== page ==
by Ian Livingstone, fantasy (2003, reissue)
Wizard Books, £4.99, ISBN 1-84046-429-1
Forest Of Doom is different from the previous two "Slay A Sorcerer In A Creepy Castle" books in the series in that this one sees you, the hero, wandering around a supposedly deadly forest this time around. The plot is very simple: you stumble upon a dying dwarf, Bigleg, who manages to tell you of a dire plot before he croaks.
The dwarves of Stonebridge have lost their famed warhammer, and because of this... well, apparently the loss of the warhammer prevents their leader from marshaling the dwarves to repel some invading enemy horde. Those dwarves are quite the miserable lot, aren't they? Sitting around not doing anything just because a lousy warhammer is missing? Still, it is the thankless lot of the hero to help people, even those stupid ones, so you are now going to locate the warhammer. It isn't easy - the warhammer was stolen by an eagle belonging to an enemy dwarven clan, but the eagle was shot down by two goblins who proceeded to separate the warhammer into two. So yes, now you need to locate the handle and the head of the warhammer. Have fun!
Despite the presence of many, many trees all around the place, this is definitely a dungeon crawl, and one that doesn't make much sense at that. For a supposed creepy danger-infested forest, Darkwood Forest is surprisingly populated by random people who typically do not have any business being there. For example, why has a young man set up shop in there, waiting for people to arm wrestle him? Do people generally walk through Darkwood Forest daily? And then we have the monsters, which are so ridiculously named that I don't know whether to laugh or cringe. The author tags "Man" after everything, so we have Tree Men (really), Fish Men, and what have you running all over the place. Unlike in later books, there is no credible ecosystem here. The whole setting is just a patchwork of combat encounters with little attempt made to incorporate them into a coherent storyline. Some of the scenarios, like the one with the Fire Demon and the fungi, could have been interesting if the author has made some attempt to give me some background information. Instead, this is just some brainless hack, hack, slash, slash campaign.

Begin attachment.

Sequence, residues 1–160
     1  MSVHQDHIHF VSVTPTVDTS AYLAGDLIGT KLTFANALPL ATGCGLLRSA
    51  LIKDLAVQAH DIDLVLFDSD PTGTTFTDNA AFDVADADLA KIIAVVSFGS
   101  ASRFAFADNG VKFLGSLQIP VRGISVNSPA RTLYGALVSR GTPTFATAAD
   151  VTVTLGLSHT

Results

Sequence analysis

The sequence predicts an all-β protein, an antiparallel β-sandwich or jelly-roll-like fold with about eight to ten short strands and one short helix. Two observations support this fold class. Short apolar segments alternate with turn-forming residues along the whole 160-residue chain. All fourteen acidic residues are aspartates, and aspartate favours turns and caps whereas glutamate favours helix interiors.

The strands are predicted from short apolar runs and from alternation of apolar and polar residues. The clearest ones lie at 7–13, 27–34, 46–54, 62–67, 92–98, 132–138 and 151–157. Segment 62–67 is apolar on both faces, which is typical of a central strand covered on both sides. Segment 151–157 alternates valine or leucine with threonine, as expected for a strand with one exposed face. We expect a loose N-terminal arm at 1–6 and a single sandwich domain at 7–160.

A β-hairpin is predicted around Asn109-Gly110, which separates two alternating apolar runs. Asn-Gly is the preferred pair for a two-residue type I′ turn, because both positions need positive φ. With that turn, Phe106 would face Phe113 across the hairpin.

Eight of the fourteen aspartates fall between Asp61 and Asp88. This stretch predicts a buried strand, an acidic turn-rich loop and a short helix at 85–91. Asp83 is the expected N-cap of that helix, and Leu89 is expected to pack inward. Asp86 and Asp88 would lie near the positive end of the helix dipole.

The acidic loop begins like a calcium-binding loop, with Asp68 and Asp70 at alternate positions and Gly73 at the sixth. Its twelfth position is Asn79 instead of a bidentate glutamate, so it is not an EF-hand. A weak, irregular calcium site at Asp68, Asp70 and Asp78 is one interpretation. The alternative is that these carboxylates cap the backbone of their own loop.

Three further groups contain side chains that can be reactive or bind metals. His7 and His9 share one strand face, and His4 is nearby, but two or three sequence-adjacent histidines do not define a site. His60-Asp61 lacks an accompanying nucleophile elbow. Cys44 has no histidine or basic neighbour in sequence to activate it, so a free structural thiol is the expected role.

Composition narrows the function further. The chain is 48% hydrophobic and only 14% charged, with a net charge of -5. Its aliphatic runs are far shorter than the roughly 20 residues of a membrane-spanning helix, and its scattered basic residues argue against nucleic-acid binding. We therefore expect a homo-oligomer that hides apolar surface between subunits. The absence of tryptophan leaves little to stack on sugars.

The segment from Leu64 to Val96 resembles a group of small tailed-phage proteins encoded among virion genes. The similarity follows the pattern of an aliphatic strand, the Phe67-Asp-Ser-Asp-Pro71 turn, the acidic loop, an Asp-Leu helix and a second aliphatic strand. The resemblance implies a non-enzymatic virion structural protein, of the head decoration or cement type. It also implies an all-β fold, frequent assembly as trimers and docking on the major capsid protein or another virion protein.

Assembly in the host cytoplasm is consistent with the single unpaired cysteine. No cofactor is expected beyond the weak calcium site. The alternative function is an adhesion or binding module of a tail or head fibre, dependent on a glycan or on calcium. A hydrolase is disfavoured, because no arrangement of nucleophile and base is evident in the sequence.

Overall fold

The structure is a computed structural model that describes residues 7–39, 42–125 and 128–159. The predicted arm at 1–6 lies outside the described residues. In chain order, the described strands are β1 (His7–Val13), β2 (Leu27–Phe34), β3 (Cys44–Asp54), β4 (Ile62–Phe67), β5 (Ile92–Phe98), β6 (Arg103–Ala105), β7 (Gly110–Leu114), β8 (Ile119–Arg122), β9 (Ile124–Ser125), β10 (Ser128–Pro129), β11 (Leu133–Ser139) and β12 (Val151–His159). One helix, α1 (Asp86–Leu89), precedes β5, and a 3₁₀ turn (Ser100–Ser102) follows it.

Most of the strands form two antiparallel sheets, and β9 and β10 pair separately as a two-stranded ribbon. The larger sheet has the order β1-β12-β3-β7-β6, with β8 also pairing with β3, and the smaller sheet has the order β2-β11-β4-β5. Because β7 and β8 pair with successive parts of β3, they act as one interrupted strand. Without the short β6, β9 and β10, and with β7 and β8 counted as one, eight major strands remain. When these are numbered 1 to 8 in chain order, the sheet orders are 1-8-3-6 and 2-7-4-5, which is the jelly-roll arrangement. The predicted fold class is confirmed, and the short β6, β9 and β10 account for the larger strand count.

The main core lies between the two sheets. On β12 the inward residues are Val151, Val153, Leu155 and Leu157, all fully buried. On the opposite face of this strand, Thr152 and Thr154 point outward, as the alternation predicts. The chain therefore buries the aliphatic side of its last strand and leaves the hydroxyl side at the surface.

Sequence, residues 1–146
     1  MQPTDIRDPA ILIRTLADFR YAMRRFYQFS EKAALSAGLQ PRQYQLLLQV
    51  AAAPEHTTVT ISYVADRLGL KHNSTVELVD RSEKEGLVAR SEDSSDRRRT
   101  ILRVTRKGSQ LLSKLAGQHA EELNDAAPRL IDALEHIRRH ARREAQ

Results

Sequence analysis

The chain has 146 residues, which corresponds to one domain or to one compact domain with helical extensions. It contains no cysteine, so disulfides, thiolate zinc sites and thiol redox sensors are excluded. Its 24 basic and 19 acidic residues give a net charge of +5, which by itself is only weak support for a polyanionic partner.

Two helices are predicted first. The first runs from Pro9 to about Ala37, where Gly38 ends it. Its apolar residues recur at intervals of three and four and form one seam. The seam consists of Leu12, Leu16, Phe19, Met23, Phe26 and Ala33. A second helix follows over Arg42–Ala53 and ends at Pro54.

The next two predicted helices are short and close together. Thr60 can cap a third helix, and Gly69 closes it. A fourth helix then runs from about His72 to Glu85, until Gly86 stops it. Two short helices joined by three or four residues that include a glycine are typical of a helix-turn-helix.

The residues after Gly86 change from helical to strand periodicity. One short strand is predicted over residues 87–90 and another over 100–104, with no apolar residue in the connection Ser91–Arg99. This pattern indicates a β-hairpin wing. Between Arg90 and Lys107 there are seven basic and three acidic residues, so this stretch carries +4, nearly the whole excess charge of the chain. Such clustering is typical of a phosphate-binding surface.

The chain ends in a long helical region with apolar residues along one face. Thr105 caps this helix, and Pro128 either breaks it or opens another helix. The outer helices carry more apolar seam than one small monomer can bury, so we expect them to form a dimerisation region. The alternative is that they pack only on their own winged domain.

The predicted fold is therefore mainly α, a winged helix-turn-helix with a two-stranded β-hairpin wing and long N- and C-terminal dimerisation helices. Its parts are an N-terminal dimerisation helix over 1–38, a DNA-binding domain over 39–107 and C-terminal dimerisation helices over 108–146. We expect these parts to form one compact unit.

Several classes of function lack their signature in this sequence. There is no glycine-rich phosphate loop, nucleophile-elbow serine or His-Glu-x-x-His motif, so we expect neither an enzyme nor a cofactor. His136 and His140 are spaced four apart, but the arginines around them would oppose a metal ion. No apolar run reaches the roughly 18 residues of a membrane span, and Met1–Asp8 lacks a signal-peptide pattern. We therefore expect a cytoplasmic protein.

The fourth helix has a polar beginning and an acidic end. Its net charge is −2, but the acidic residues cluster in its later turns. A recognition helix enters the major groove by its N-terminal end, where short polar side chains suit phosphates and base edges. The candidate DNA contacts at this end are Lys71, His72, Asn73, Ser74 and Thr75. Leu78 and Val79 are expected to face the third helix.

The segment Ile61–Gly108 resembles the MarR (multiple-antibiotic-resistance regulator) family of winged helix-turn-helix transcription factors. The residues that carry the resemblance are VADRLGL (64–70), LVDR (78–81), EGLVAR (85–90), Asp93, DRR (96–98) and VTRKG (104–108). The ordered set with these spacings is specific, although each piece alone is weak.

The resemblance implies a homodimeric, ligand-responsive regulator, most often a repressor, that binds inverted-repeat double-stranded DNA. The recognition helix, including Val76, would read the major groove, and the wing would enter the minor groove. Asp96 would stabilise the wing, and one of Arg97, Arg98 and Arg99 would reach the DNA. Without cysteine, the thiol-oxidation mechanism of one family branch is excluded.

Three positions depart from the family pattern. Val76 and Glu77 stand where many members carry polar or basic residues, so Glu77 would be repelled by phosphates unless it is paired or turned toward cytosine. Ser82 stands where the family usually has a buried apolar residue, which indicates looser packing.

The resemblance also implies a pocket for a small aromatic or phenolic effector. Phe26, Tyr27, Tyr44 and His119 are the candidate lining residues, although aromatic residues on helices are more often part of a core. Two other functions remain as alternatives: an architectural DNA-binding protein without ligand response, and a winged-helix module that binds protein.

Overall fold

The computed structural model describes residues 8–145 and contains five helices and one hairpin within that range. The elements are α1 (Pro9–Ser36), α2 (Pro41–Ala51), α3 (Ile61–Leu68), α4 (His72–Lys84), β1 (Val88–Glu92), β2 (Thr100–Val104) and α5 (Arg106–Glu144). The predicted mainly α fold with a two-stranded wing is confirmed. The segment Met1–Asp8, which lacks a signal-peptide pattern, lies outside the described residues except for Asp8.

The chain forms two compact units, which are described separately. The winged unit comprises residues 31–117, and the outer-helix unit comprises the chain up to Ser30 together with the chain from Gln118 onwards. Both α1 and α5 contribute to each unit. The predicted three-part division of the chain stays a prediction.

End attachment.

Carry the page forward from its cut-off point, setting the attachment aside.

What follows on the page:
Design-wise, there is nothing really too hard here, with the toughest challenge being having the patience to wander around in this hack-and-slash lackluster campaign to locate the two parts of the warhammer. Also, if you fail to locate one or even both parts, you are given the choice to start again. However, there is no attempt made by the author to deal with continuity. Does this mean that enemies that were killed previously will remain dead? Logically, this will be the case, but then again, this is a gamebook, so one can never know.
On the bright side, the illustrator Malcolm Barter must be commended for giving the monsters, humans or otherwise, pretty realistically depicted pubic hair. I've never seen anything else like his illustrations in other gamebooks in this series.
Forest Of Doom is an unsophisticated, brainless, and forgettable campaign. You may derive some fun here, but I doubt you will remember much of the campaign once it's over and done with.
This book at Amazon.com
This book at Amazon UK
Search for more reviews of works by this author: